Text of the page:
Duke University researchers have created a new online resource designed to help local governments, conservation groups, businesses and other stakeholders identify the best technologies to clean up plastic pollution in our oceans or prevent it from getting there in the first place.
The Plastic Pollution Prevention and Collection Technology Inventory includes 52 different technologies, from solar-powered catamarans that use conveyor belts to scoop up floating debris, to underwater bubble tubes that force submerged bits of plastic to the surface where they can more easily be collected.
“No one technology will work in all situations, so we’ve created a directory that allows users to search a comprehensive list of established and emerging technologies and identify the ones that are right for their specific location or need,” said Meagan Dunphy-Daly, a marine scientist at Duke University’s Nicholas School of the Environment.
While most of the technologies are geared for municipal, regional or industrial use, several are geared for home use. These include shower-loop filters that prevent microplastics used in many shampoos and liquid soaps from escaping down the drain, and dryer balls and washing machine filters that trap plastic microfibers released as clothes made from synthetic fibers are laundered.
“This empowers citizens to make changes in their own homes,” Dunphy-Daly said.
Scientists estimate that more than 8 million metric tons of plastics – roughly the weight of 90 aircraft carriers – are released into the oceans each year and that plastics will outweigh fish in the oceans by 2050. The debris poses serious risks to wildlife, which can ingest or become entangled in it. It can also negatively affect coastal tourism and commercial fisheries, degrade ecosystems, and pose risks to seafood safety and human health.
Dunphy-Daly worked with a team of Duke students to compile the new inventory of pollution-fighting technologies, which she envisions could act “as a central repository of information for researchers, policymakers, resource managers and concerned citizens alike.”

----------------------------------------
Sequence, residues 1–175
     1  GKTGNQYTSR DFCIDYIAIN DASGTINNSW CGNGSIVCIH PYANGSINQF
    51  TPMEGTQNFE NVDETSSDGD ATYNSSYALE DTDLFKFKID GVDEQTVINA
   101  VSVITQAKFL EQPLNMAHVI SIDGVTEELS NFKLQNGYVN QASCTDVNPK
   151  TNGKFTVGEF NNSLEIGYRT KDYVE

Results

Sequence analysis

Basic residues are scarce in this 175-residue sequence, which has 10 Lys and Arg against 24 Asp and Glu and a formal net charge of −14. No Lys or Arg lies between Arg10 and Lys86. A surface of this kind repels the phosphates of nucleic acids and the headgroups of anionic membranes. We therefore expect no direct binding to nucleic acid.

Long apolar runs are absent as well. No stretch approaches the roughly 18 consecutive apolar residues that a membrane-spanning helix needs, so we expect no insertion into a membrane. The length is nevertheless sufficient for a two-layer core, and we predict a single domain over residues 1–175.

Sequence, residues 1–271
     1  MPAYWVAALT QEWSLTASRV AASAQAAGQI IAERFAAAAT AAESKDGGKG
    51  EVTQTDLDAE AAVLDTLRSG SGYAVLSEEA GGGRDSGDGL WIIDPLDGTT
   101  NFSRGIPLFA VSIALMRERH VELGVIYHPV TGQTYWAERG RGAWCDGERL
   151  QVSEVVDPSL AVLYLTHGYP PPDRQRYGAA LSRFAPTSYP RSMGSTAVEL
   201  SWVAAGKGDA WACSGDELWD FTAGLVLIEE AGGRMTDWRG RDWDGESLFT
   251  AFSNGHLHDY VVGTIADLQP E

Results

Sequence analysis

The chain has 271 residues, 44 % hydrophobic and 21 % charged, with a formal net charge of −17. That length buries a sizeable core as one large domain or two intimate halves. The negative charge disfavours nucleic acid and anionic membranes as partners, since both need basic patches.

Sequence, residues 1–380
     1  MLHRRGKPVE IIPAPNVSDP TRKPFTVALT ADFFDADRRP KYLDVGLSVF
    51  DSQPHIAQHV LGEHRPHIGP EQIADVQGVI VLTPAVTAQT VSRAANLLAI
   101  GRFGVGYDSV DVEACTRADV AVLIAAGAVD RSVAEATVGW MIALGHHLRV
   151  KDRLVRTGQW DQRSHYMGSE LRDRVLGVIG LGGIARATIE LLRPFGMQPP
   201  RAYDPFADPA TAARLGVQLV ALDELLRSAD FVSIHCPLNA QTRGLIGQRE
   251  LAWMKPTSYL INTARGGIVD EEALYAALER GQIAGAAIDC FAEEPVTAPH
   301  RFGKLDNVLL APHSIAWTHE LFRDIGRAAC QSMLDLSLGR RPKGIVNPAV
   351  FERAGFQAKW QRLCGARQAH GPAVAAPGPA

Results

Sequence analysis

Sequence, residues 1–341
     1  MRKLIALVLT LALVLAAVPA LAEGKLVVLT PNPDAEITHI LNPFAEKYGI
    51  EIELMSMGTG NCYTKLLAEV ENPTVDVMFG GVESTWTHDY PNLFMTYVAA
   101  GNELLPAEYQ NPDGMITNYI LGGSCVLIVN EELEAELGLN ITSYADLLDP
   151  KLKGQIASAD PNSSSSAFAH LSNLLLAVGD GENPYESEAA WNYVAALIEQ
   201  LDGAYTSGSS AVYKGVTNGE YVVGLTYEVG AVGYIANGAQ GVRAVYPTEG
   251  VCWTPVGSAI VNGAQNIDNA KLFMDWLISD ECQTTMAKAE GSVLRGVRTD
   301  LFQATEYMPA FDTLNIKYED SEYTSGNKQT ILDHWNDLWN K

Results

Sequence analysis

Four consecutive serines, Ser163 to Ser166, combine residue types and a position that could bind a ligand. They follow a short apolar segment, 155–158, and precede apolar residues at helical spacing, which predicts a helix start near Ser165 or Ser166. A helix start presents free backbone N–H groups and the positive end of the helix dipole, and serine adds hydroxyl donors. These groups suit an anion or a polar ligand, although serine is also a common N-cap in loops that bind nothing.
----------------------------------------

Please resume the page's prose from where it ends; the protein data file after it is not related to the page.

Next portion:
To help users identify the most effective technology for their needs, the inventory can be searched three ways: by remediation type (i.e., pollution prevention versus collection), by plastic type (larger plastics, microplastics or both), and by technology type (boats and wheels, filters, etc.). Each listing includes a concise description of the technology; settings where it is designed to be used (i.e. bays, straits, rivers, etc.); and links for more information.
Promising new technologies will be added to the inventory as they become available.
“There’s clearly room – and need – for further innovation,” Dunphy-Daly said. “Most of the 52 technologies we identified are designed for collecting larger plastic debris that is already in the water; far fewer are designed to prevent plastics from getting there in the first place by removing them at the source.
“We really need to encourage the development of new technologies to address plastics leakage,” she said, “which is why policy and advocacy are so important. Additionally, we need to think about and implement ways to limit plastic use and develop policies to curb this growing epidemic of plastic waste.”
Dunphy-Daly and her colleagues published an article describing the new online inventory in the journal Environment International.
Four students – undergraduates Emma Schmaltz and Ella Gunady, doctoral student Zoie Diana, and 2020 Master of Environmental Management graduate Emily C. Melvin – were lead authors on the paper and played leading roles in conducting much of the research.
The new inventory is a joint initiative of the Nicholas School of the Environment and the Nicholas Institute for Environmental Policy Solutions. It stems from an interdisciplinary Bass Connections course.
CITATION: “Plastic Pollution Solutions: Emerging Technologies to Prevent and Collect Marine Plastic Pollution,” Emma Schmaltz, Emily C. Melvin, Zoie Diana, Ella F. Gunady, Daniel Rittschof, Jason A. Somarelli, John Virdin and Meagan M. Dunphy-Daly; Sept. 2, 2020, Environment International. DOI: https://doi.org/10.1016/j.envint.2020.106067